Kurds betrayed in Sweden NATO deal
Turkish President Recep Tayyip Erdogan has dropped his opposition to Sweden's entry into NATO, it was announced just ahead of the opening of the military alliance summit in Vilnius July 11. US President Joe Biden thanked Erdogan for his "courage" in clearing the way for Stockholm's bid. In an apparent quid pro quo, the State Department said the administration is dropping its objections to Turkey purchasing F-16 fighter jets from the US. Congress opposed sales of the jets to Turkey after Ankara bought Russian S-400 missile systems in 2017.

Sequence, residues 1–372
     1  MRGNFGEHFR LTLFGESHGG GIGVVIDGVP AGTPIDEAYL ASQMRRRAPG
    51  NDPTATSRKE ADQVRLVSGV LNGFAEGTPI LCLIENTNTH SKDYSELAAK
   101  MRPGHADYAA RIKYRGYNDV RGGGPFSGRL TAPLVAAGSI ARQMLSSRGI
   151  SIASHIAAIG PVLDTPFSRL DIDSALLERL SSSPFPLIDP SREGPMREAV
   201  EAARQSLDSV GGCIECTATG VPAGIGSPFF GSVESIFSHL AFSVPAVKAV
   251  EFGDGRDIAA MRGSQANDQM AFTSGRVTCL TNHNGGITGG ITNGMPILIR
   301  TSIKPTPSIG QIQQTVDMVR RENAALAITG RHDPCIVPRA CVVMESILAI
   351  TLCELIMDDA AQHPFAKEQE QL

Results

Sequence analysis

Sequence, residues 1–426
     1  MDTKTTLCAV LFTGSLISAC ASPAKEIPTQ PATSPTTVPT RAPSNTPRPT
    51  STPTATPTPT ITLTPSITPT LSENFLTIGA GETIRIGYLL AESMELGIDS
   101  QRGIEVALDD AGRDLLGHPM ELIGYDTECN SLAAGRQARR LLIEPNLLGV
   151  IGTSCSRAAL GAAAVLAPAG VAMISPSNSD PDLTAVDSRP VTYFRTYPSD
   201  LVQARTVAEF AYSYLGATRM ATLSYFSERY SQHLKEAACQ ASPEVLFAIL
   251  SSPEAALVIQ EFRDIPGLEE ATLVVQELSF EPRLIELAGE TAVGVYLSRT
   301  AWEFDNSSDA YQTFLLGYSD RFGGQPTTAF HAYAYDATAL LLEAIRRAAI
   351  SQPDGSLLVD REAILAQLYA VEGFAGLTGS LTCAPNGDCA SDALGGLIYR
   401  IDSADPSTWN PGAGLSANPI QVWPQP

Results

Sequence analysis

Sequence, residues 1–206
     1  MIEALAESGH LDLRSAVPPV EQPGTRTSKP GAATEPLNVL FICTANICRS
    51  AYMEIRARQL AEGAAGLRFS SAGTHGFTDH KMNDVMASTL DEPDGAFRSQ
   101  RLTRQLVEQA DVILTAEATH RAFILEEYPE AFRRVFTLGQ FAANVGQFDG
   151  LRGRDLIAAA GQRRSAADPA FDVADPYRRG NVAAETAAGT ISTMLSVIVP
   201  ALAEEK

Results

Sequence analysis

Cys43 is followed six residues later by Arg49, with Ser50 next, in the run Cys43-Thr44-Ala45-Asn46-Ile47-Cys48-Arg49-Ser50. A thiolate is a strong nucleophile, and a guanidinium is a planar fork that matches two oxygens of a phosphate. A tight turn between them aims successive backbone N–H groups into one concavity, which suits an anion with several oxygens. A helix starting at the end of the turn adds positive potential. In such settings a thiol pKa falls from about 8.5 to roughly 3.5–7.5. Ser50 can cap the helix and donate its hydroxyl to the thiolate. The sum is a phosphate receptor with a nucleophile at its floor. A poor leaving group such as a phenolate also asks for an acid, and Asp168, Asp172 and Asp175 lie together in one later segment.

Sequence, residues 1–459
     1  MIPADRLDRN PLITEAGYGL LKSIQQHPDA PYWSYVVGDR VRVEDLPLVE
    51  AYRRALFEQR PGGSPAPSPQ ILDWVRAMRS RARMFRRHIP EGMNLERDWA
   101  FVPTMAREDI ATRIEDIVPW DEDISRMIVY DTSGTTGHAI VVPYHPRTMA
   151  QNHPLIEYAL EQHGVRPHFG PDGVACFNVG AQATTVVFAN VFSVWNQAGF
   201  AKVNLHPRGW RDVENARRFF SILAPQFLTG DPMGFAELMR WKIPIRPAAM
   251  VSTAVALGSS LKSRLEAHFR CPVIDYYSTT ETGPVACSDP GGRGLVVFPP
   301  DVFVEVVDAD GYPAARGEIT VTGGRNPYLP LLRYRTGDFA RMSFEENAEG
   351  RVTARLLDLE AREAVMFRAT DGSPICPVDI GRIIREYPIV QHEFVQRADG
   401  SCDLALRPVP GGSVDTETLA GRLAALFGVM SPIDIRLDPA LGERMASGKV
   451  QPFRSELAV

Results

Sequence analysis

In blocking Sweden's NATO membership bid, Turkey had accused Stockholm of harboring Kurdish "terrorists"—meaning prominent supporters of the Kurdistan Workers' Party (PKK), which Ankara officially labels a "terrorist" group. Last November, Sweden amended its constitution to strengthen its "anti-terrorism" laws—clearly in deference to Turkey. The amendment, which passed with 278 votes in Sweden's 349-seat parliament, makes it possible to introduce new laws to "limit freedom of association when it comes to associations that engage in or support terrorism."
The Swedish Supreme Court in June also ruled to allow extradition of the accused PKK figures to Turkey. And the rallies held in Stockholm against the extraditions by Kurdish immigrants and exiles may now be criminalized. (EKurd Daily, EKurd Daily, Rudaw, EuroNews, DW)
The US and EU both also designate the PKK a "terrorist organization," despite growing legal challenges to this in Europe.